Election 2001 and the Grey Vote: It’s the numbers, stupid
Youth apathy may be the big concern of the election - but it's the Grey Vote that the parties really want. Why?
Youth apathy has become the big issue of the election campaign – with all the parties concerned about young people’s indifference to politics. But as the day of reckoning approaches, it’s becoming clear where the parties’ real priorities lie – winning the Grey Vote, the support of those over 60.
Why? It’s the numbers, stupid.
Trends suggest that, at the 2001 election, one third of all votes are likely to be cast by people over 60 (10.6 million votes). Less than seven percent are likely to be cast by people aged 18-24 (2.2 million).
No wonder all political parties have courted pensioners and their votes in recent months. If it’s crosses in boxes you want, the old hands are the best.
How do we get these results?
— There are over twice as many people over 60 than there are aged 18-24 (12 million compared to five million)
— The proportion of people over 60 who say they voted in the 1997 election is twice the proportion of 18-24s (87.5 percent compared to 44 percent).
What happens if you include in the ‘youth vote’ category people aged 25-34? There are more people aged 18-34 than there are over 60. Even so, the younger age group is likely to cast fewer votes.
— The total number of 18-34 year olds is 14 million – outnumbering the over-60s by two million
— Yet only 64 percent of 25-34 year olds claim to have voted in the 1997 election, meaning they will cast approximately 5.8 million votes
— Therefore, people aged 18-34 are likely to cast about eight million votes – falling short of the Grey Vote by two million.
And the best thing about the Grey Vote is:
You don’t even have to try to get them to the polling station.
— 80 percent of over-65s agree with the statement ‘everyone has a duty to vote’
— So whatever happens in this election campaign, this group is still likely to cast up to 7.4 million votes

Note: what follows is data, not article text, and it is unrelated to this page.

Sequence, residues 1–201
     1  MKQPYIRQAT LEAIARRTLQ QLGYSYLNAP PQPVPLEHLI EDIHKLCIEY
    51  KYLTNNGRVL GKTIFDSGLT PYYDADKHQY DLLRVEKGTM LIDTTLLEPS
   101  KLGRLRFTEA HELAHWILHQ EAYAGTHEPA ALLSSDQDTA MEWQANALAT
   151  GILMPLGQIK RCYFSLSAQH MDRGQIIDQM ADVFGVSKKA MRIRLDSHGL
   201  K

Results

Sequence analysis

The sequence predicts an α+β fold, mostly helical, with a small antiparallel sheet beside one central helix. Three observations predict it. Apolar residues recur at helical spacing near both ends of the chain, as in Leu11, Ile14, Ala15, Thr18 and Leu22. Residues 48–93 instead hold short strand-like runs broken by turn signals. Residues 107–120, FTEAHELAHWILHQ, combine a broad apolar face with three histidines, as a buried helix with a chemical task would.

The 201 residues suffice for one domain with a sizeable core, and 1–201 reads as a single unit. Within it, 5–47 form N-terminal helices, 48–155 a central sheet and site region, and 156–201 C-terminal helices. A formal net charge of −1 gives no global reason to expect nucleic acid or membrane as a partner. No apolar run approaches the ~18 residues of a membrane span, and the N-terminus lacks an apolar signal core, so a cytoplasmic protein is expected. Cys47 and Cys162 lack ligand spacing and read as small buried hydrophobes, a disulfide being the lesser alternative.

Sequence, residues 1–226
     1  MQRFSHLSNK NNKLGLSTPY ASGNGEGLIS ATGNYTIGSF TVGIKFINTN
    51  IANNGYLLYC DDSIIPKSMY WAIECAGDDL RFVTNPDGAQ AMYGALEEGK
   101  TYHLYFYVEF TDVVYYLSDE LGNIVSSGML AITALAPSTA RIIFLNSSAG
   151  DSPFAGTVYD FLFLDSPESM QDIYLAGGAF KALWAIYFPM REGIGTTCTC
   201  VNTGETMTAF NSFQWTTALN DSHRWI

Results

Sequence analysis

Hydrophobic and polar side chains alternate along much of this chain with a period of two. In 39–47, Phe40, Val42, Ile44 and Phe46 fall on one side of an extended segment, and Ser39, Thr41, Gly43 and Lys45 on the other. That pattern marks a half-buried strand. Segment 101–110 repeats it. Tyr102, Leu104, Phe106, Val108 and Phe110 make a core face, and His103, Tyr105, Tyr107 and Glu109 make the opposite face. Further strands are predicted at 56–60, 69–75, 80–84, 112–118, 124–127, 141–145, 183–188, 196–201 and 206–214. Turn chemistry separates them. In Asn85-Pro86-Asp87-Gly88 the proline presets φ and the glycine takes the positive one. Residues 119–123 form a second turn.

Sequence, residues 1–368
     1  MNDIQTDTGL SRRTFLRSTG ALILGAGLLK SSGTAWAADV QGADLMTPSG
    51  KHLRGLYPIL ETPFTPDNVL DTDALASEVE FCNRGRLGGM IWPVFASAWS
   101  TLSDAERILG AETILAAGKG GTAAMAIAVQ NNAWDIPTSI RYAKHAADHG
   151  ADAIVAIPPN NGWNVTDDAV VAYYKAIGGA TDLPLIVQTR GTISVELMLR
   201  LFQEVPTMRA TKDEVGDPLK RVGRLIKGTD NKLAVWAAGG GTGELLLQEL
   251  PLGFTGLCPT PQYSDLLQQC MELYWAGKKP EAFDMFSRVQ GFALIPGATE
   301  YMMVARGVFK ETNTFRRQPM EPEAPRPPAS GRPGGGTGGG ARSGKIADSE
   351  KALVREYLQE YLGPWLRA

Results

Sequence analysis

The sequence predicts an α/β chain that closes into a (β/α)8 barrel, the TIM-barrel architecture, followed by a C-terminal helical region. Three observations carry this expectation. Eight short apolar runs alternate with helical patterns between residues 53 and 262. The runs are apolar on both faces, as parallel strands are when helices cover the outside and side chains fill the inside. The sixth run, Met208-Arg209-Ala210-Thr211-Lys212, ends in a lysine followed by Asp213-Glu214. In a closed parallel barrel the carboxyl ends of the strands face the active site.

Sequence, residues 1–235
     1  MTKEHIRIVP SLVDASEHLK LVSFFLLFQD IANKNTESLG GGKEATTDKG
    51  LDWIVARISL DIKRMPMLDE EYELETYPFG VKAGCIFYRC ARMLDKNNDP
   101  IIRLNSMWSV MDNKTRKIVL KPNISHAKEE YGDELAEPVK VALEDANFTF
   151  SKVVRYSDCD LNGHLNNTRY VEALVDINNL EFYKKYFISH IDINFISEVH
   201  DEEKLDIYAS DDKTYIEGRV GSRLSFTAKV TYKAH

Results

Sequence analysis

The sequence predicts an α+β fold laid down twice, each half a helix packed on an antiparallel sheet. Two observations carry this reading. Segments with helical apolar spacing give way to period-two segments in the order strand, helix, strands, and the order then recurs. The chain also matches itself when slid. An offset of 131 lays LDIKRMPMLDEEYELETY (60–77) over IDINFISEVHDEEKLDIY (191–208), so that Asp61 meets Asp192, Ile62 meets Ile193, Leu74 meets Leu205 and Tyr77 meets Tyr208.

— Only 36 percent of 18-24 year olds agree that ‘everyone has a duty to vote’
— From this age group, politicians can only take for granted about 1.8 million votes.
— 85 percent of over-65s think that people should vote even if they do not care who wins
— This accounts for approximately 7.9 million votes
— But 50 percent of 18-24 year olds think that you should only vote if you care who wins
— This accounts for approximately 2.5 million votes – one third of those expected from the over-65s.
— 96 percent of over-65s disagree with the statement ‘it’s not really worth voting’ – meaning that a potentially massive 8.9 million votes could be cast
— But 13 percent of 18-24 year olds agree with the statement ‘it’s not really worth voting’ – accounting for only 4.3 million votes.
As with all surveys on voting intentions and voting behaviour, the statistics here are estimates. But the pattern they show is clear. When election time comes, the Grey Vote could be up to three times as large as the youth vote.
Why have all the parties turned their attention to pensioners? It’s the numbers, stupid.
How the aged can help: a recipe for election success
With an event so pressing as the general election, you don’t want to spend time convincing the sceptical about why politics is important. To arrive at the figures above, spiked followed this simple recipe for election success:
— one set of statistics on the turnout at the 1997 general election (1)
— one set of population statistics for the UK in 1999 (2)
— one table of voting attitudes produced for the British Social Attitudes survey (3).
Mix them together with a calculator, and hey presto! The only justification politicians will ever need for courting the Grey Vote.
— The voting population of the UK is approximately 45.9 million
— Turnout at the 1997 UK general election was 71.5 percent
— If the turnout for the 2001 election is the same, according to these figures, up to 32.8 million votes could be cast. *
— One third of these votes (10.6 million) are likely to be cast by people over 60
— Less than seven percent of these votes (2 million) are likely to be cast by people aged 18-24.
* The actual number of votes cast in the 1997 general election was 31.3 million. As this figure does not indicate the demographic breakdown of votes cast, our calculations were based on population estimates for 1999. This is an indication of voting trends, rather than a prediction of exact numbers.
(1) Source: Electoral Reform Society
(2) Source: UK Office of National Statistics
(3) Source: British Social Attitudes – the 16th report: ‘Who shares New Labour values?’, edited by R Jowell et al, National Centre for Social Research 1999. Chapter 2, ‘Young people and political apathy’, by Alison Park, p35.
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